Regardless of the genre or style you’re working on, audio ducking is an excellent way to enhance the clarity of your tracks and make them more engaging. The ducking technique has been around for decades and is often the secret ingredient of those who want to create consistent audio content, whether it's music, podcast, or a radio program.
In this article, we’ll look into how you can use audio ducking to refine your tracks or make your four-on-the-floor more galvanizing. We’ll explore different ducking techniques that’ll work on all DAWs, as well as some tips on how to make the most of this crucial skill in music production.
Audio Ducking: Definition and Examples
Audio ducking is a technique often used in audio post-production to automatically reduce the volume of one audio signal in response to another one. This ensures that the audio we want to prioritize remains clear and prominent even when there are multiple sounds played at the same time.
The process is based on a trigger-response mechanism: the main audio source is the trigger, which lowers the second track's volume. Once the main track ceases or gets lower, the background track gradually returns to its original volume level.
Audio ducking is useful because it helps create a balanced and clear audio mix. It highlights important elements without muting the secondary audio completely and ensures that the listener pays attention to the most crucial audio at the right moments.
Audio ducking is also used in movies, radio, podcasts, and most audio-visual content with multiple audio signals to ensure the important audio, such as vocals in a song or dialogue in a film, remains clear and balanced within a soundscape with background music, enhancing clarity and focus. For instance, it can be used to decrease the music volume whenever someone speaks or reduce ambient sounds when there are other, more important sonic elements.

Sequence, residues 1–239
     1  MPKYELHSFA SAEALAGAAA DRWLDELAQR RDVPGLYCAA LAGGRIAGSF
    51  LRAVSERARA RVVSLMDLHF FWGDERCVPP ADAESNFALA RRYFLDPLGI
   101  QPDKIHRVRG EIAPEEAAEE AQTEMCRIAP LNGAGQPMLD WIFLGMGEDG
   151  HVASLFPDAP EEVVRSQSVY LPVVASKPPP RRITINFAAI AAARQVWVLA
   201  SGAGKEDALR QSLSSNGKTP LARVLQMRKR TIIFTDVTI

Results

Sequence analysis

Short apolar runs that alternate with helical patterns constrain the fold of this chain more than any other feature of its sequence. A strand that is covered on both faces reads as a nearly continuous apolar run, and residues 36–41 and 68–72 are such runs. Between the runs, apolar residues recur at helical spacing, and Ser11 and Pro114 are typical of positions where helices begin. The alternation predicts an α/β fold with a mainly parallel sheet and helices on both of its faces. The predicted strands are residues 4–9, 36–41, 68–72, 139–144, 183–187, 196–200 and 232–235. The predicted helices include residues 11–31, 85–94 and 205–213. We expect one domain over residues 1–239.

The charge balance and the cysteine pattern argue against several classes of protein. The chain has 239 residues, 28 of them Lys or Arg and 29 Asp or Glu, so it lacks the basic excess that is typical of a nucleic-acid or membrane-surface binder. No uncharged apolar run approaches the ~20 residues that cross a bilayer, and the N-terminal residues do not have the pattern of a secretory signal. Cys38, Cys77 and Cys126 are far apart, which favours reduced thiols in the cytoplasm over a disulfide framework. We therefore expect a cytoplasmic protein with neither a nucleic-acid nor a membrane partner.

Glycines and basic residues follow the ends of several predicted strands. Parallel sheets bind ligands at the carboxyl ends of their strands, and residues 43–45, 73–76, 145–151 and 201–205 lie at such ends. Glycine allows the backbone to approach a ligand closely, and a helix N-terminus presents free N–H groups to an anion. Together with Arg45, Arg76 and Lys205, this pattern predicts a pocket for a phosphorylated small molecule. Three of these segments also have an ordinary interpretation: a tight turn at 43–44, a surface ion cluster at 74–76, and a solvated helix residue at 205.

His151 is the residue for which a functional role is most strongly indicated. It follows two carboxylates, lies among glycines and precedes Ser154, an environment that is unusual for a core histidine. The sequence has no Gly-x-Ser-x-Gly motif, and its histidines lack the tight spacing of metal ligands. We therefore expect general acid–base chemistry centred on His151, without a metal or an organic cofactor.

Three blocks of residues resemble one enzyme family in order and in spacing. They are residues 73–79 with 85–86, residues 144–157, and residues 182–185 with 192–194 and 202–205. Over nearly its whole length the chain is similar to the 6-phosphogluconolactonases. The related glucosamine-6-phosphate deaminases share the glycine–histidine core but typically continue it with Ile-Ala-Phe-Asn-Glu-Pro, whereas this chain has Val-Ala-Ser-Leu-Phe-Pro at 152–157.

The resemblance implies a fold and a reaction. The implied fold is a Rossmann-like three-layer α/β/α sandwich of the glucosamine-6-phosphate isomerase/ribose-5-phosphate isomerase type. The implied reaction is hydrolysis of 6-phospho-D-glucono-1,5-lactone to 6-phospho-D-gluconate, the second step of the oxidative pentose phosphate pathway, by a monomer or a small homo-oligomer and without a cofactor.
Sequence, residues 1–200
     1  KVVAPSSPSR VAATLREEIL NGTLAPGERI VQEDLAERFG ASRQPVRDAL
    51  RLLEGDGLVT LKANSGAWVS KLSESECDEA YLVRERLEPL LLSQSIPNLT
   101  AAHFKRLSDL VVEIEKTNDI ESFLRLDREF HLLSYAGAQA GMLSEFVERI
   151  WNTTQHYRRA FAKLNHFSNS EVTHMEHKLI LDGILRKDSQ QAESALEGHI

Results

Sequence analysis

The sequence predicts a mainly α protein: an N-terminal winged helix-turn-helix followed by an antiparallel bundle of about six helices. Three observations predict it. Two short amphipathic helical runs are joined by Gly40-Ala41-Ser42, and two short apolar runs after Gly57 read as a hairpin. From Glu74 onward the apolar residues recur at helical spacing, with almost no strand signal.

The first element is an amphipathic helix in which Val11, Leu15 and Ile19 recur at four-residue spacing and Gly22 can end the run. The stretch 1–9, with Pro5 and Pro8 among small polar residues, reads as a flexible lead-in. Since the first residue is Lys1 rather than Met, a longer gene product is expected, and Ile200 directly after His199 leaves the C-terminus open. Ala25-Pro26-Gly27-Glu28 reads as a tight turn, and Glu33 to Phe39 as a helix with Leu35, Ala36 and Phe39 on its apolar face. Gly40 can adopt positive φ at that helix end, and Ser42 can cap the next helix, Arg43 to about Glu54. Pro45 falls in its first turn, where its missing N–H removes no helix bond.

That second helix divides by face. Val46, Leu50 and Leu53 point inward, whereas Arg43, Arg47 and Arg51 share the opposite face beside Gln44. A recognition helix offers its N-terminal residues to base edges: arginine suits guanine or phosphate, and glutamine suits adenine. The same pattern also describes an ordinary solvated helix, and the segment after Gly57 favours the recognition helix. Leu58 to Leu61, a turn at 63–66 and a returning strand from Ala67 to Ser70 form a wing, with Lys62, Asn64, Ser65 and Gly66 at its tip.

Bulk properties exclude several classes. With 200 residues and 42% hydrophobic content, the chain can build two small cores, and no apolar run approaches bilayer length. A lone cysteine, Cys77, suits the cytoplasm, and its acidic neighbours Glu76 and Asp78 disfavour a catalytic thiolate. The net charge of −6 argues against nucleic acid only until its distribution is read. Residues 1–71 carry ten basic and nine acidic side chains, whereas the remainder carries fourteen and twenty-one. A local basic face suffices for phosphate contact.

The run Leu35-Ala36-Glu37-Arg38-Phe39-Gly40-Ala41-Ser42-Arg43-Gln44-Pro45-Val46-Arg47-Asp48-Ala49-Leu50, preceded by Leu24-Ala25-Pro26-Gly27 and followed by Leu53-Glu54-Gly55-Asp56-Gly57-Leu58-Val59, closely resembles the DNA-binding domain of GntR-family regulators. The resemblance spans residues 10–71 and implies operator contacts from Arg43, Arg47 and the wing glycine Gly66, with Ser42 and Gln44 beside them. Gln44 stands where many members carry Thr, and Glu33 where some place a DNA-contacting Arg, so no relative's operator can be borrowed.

How To Use Audio Ducking In Your Tracks
Getting the most from the audio ducking technique requires understanding how to use each ducking level setting in the audio ducking dialog box. Music producers can apply audio ducking from their DAWs, and video editors can use their video software.
Each setting defines how the ducking effect interacts with your primary and secondary tracks, and while many DAWs come with an automated audio ducking feature, it's always worth knowing crucial concepts if you want to make adjustments to your mix.
Audio Ducking Dialog Box
Let’s start with the control channel where you’ll make all the adjustments we’ll discuss below, regardless of your DAW or editing software you use for your video project.
The Audio Ducking Dialog Box controls all the parameters of ducking. Depending on the software you're using, you might have more or fewer settings you can use to finetune your ducking effect. However, these are the most common ones and the ones I think you should focus on the most:
Threshold : Sets the level at which the ducking effect begins. Lowering the threshold means the ducking effect will start even with a quiet main audio.
Ratio : Determines the extent of volume reduction. A higher ratio results in a more abrupt ducking of the secondary audio.
Attack and Release Times : These settings control how quickly the ducking effect starts after the primary audio exceeds the threshold (attack) and how quickly it stops after the primary audio falls below the threshold (release).